Mentions: Because the amount of de novo mutations in personal genomes is strongly scaled by paternal age[19–21], and is modestly (or weakly) correlated with maternal age[20, 23], we first examined the parental age distribution, and found that the paternal and maternal age distributions were similar between the PTB and term infants (paternal age for PTB was 33.9±6.1 and for non-PTB was 33.5±5.8, P = 0.25, Wilcoxon rank-sum test; maternal age for PTB was 31.7±5.1 and for non-PTB was 31.4±4.9, P = 0.31, Wilcoxon rank-sum test, S2 Table). Finding insufficient evidence that parental ages were potential confounders, we compared the number of de novo mutations in each infant genome, and observed a significant increase in the de novo mutation burden in PTB infants relative to term infants (Fig 2, P = 6.9e-3, Wilcoxon rank-sum test, S3 Table). Notably, by identifying individuals with extreme de novo mutation load (the top 5% across all 816 subjects), we did not observe a statistical difference in paternal age between PTB and term groups (P = 0.62, Wilcoxon rank-sum test), nor in maternal age (P = 0.53, Wilcoxon rank-sum test). We performed two additional tests to ensure that the increased de novo mutation load in PTB cases was not resultant from unequal parental age distribution in this group. First, we performed logistic regression to combinatorially model paternal age, maternal age and the number of de novo mutations in each infant genome, which served to assess their individual effects on predicting the binary preterm status (as the response variable in the logistic model, Methods and Materials). Only the regression term for de novo mutation load exhibited a significant statistical association with preterm status (regression coefficient was 0.27, P = 4.1e-3), and the terms for parental ages did not (P>0.5, S3 Table). Second, we observed that Pearson’s correlation between paternal age and de novo mutation load across the 816 trios was 0.62, suggesting that ~38% (R2) of the variability in de novo mutation load could be explained by paternal age differences. Therefore, we fit the de novo mutation counts (the response variable) with the paternal ages (the explanatory variable) across the 816 family trios, and only considered the residuals of the de novo mutation count after subtracting the effect from paternal age. Again, the corrected de novo mutation counts (the residuals) consistently exhibited a significant increase in the PTB group relative to the term group (P = 6.3e-3. Wilcoxon rank-sum test). Similar analysis was also performed on maternal age, and confirmed the same observation (P = 8.7e-3, Wilcoxon rank-sum test).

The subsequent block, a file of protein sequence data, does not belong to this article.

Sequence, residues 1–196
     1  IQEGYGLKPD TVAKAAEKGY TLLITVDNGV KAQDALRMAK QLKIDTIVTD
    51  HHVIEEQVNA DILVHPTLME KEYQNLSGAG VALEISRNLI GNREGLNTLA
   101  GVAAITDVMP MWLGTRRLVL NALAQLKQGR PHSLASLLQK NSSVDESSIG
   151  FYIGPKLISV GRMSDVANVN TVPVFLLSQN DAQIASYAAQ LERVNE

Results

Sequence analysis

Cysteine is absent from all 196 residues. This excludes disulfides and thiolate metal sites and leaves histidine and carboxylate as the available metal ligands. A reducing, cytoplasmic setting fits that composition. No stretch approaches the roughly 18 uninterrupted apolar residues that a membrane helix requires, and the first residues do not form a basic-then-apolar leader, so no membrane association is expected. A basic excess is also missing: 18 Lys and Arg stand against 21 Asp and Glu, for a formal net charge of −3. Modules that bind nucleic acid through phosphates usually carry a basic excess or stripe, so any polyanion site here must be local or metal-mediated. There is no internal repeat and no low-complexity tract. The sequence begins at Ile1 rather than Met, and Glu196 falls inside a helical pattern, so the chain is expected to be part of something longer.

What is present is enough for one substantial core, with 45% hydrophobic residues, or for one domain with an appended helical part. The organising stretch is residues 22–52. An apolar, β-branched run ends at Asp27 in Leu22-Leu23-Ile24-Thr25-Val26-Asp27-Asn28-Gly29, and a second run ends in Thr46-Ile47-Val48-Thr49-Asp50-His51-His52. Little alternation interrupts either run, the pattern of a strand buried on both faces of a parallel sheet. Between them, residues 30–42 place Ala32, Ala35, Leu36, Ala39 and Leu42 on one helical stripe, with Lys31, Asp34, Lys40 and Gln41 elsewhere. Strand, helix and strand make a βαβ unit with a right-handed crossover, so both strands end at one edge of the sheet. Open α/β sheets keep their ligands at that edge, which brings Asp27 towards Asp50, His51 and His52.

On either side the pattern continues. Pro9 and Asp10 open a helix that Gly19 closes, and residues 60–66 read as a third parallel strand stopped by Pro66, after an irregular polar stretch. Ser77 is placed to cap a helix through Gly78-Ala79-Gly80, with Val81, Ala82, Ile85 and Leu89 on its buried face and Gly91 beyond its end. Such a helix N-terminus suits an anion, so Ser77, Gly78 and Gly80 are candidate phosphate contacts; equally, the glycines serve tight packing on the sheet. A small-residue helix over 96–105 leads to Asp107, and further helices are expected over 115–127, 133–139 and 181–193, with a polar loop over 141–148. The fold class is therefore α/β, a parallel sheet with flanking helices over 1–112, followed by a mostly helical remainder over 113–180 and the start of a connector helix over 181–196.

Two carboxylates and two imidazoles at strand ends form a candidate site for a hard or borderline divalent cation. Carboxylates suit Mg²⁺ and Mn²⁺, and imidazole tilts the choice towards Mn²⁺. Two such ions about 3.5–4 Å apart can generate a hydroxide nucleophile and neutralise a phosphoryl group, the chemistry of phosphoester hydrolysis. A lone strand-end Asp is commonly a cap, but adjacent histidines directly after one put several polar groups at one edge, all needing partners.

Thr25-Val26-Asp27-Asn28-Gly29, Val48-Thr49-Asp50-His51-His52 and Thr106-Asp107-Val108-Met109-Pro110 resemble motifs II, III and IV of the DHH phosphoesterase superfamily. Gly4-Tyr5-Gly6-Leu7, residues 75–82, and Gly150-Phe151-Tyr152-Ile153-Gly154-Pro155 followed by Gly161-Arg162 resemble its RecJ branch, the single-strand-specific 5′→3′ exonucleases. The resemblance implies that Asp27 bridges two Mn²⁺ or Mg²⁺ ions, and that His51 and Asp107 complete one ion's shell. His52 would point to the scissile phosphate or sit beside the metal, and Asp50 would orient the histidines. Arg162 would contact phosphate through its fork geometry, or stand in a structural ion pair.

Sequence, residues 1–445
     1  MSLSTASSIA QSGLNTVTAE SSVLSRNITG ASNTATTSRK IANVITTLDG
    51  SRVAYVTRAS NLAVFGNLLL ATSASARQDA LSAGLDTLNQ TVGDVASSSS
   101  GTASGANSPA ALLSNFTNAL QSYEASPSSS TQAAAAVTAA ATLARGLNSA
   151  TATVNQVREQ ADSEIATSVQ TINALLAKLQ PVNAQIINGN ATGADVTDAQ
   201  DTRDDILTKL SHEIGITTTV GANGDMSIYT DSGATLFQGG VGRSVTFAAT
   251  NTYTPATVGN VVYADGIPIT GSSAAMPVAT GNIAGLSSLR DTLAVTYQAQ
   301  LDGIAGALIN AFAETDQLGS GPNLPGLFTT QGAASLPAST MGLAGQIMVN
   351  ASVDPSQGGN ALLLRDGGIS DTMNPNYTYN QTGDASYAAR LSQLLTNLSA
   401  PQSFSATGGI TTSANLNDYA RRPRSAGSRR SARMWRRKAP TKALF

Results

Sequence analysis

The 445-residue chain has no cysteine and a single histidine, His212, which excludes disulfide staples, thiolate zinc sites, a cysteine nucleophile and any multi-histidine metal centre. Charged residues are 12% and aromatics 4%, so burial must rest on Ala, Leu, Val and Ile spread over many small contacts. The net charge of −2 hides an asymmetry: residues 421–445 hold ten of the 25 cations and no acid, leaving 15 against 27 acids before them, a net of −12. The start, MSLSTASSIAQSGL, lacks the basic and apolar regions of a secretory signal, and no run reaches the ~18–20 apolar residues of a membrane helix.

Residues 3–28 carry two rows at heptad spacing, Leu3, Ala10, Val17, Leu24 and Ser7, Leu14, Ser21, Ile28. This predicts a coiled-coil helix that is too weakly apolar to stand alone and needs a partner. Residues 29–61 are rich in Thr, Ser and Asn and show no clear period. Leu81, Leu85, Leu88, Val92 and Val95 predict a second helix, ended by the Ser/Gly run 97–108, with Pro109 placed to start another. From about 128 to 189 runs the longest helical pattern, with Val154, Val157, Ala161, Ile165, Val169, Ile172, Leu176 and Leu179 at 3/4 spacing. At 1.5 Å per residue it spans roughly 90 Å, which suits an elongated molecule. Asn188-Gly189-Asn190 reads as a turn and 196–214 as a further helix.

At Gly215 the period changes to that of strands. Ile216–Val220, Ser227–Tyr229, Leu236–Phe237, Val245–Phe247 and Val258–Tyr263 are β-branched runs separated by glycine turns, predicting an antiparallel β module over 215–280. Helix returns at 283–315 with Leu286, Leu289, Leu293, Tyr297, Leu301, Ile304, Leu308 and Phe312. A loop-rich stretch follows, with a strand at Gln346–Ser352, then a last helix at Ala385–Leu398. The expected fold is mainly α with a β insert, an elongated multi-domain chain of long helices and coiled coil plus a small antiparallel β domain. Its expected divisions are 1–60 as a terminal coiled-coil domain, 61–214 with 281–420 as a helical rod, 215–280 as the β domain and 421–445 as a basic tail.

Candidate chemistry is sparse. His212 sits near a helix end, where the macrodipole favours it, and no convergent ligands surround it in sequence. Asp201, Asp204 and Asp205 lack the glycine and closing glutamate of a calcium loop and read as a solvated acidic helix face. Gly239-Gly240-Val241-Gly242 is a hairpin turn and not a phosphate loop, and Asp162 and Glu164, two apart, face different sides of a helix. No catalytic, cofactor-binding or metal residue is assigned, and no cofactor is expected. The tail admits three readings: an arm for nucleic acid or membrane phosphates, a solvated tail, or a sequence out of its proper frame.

Fetal de novo mutations and preterm birth
Significantly increased de novo mutation burden in preterm newborn’s genomes.The distribution of the number of de novo mutations per genome was compared between the PTB and non-PTB cohorts (P = 6.9e-3), and statistical significance was determined by Wilcoxon rank-sum test. Kernel density estimation was used to derive the probability density functions.
© Copyright Policy
Related In: Results  -  Collection

License
Show All Figures